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Film: The Relic

The Relic (or Relic) is a film adaptation of a novel by Douglas Preston and Lincoln Child starring Tom Sizemore released in 1997.

A string of gruesome murders plagues the Chicago Museum of Natural History in the days leading up to a massive gala to open a new exhibit. The strange mutilations of the bodies suggests the killer may not even be human. But with so much at stake, the museum officials decide to push through the opening despite the dangers.


This film provides examples of:

  • Adaptation Name Change: The monster in the film is called the Kothoga, possibly because actually saying "Mwbun" out loud is a lot harder than reading it.
  • Adapted Out: Pendergast was cut from the film, though some of his characteristics were merged with D'Agosta. Smithback isn't as lucky to even afford that (somewhat fitting in a meta sense, considering his character) and his role is completely absent.
  • Adaptational Attractiveness: In the original novel D'Agosta was in his late 50's and very out of shape and overweight (although in later books in the Pendergast series he does get back into shape and slim down a little). In the film, he's a lot slimmer and in his mid 30's.
  • Black Dude Dies First: The black security guard is the first to get it.
    • With a slow zoom on the reefer he was smoking in the restroom as he's mauled off-screen, no less. Drugs Are Bad, folks.
  • Buxom Is Better: The Mayor proudly boasts that his wife's cleavage won him the last election.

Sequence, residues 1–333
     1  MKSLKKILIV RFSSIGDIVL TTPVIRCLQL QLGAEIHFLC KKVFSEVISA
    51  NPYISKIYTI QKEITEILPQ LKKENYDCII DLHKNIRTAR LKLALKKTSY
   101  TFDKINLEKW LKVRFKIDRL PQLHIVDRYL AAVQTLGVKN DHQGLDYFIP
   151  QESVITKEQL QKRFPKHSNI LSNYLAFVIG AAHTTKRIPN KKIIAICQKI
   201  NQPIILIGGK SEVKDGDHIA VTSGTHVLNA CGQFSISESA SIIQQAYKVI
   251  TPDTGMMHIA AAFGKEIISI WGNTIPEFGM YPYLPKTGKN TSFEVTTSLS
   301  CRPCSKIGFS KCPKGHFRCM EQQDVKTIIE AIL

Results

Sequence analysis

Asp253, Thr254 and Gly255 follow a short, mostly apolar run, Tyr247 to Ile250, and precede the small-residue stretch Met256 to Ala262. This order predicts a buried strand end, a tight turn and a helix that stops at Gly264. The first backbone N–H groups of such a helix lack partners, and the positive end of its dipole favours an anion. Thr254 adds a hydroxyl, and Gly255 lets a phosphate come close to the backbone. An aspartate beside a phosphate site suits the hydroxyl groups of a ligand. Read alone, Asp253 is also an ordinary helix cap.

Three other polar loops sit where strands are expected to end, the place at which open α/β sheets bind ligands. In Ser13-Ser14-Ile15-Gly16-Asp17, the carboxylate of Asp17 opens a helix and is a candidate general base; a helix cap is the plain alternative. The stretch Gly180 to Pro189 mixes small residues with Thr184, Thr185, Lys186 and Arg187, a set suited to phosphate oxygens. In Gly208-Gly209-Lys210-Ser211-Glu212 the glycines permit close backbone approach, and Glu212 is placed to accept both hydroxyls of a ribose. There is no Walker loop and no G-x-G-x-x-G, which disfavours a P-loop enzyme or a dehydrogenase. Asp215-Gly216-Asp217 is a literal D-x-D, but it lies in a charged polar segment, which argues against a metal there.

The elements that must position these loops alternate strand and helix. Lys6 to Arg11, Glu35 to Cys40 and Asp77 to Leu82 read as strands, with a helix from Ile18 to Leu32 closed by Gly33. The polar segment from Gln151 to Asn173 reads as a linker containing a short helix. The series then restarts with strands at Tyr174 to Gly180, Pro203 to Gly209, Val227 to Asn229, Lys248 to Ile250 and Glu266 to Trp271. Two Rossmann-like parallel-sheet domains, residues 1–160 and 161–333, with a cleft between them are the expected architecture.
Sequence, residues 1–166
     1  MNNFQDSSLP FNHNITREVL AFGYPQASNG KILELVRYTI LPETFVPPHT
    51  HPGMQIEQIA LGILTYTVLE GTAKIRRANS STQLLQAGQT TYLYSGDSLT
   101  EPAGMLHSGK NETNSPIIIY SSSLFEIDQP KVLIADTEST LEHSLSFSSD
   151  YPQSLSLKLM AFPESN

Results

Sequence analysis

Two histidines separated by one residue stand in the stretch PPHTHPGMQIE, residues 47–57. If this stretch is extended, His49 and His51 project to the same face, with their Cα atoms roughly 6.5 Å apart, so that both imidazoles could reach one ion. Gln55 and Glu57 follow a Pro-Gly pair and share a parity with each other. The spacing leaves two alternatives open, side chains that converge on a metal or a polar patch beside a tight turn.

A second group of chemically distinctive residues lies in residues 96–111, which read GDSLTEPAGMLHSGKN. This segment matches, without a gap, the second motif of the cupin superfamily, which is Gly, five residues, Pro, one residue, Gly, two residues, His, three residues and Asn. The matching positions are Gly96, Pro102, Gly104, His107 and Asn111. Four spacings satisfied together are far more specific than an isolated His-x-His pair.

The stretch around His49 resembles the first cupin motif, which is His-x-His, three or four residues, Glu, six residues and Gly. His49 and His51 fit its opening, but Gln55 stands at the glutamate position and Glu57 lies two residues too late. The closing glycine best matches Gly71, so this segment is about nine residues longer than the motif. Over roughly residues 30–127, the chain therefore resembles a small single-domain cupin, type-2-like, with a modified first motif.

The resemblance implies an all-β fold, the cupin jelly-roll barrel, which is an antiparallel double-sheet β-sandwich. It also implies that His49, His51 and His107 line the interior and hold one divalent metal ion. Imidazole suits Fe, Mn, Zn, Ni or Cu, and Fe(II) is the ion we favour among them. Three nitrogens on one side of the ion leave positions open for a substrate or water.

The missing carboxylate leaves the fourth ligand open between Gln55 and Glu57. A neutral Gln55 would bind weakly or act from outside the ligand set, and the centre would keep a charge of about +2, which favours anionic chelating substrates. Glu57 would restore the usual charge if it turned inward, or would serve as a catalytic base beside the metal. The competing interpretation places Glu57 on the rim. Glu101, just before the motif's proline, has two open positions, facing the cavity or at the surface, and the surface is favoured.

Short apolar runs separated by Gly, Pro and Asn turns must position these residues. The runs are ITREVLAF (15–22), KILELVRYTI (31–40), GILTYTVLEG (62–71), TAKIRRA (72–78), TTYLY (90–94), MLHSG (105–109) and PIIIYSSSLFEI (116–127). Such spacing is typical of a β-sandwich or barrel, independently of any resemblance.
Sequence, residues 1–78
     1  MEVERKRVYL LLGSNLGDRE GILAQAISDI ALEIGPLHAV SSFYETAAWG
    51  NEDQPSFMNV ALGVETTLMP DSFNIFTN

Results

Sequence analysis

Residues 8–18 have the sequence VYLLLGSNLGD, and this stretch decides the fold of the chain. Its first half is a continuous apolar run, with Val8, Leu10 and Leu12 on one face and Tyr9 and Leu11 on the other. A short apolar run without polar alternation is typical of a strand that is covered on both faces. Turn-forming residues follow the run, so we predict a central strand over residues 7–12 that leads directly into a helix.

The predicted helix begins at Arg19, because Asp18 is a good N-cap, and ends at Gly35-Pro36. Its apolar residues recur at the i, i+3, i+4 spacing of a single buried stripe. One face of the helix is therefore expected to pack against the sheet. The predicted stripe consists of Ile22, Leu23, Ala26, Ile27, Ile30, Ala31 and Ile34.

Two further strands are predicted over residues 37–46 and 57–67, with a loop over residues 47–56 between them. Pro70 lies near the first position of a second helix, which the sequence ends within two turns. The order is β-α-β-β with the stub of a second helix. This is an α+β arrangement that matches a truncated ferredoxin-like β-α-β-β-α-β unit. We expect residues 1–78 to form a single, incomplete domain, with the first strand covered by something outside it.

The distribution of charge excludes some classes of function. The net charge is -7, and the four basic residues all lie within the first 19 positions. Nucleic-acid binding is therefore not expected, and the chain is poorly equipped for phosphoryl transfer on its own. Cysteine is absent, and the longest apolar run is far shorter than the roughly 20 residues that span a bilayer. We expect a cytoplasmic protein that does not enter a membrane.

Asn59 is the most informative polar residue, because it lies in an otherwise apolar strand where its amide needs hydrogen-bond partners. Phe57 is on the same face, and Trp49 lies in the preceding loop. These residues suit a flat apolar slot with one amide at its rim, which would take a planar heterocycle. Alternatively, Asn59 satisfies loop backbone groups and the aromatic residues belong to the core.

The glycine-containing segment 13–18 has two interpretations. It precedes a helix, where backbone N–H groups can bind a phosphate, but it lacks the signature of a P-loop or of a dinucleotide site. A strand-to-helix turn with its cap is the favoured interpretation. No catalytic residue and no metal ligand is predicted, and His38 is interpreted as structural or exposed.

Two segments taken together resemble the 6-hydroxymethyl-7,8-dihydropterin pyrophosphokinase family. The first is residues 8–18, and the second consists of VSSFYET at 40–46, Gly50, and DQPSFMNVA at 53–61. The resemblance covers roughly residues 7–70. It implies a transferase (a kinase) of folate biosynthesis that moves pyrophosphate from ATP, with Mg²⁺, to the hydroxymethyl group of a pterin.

• Brain Food: The Kothoga. Human brains aren't its first choice, though, it prefers to eat the plants from the Amazon used as packing material in some specimen crates (which have much higher concentrations of the hormones and such it needs). The events of the novel happen because the crates are moved to a more secure area of the basement after a curator notices they've been broken into, forcing it to search for alternatives (read: brains).
  • Cat Scare: An inexplicable cat is aboard the cargo ship. It serves to make the audience jump and to once again point out that D'Agosta is superstitious.
  • Chekhov's Gun: The maceration tank and the storage area Margo walks D'Agosta through.
  • Composite Character: The film version of D'Agosta contains characteristics of both his novel counterpart as well as the novel-exclusive Aloysius X.L. Pendergast.
  • Death by Adaptation: Lee/Kawakita and Frock
  • Foreshadowing: D'Agosta jokes that the storage area would be a bad place to light a match.
  • Gender Flip: Dr. Ian Cuthbert from the original novel becomes Ann Cuthbert.
  • Gosh Dang It to Heck!: Margo calls Greg a gerbil.
  • Hard on Soft Science: Margo doesn't see any worth in Dr. Whitney's anthropological expeditions.
  • Horror Hunger: For human hypothalamus.
  • Hot Scientist: Margo is especially fanservicey when she's changing into her dress for the gala.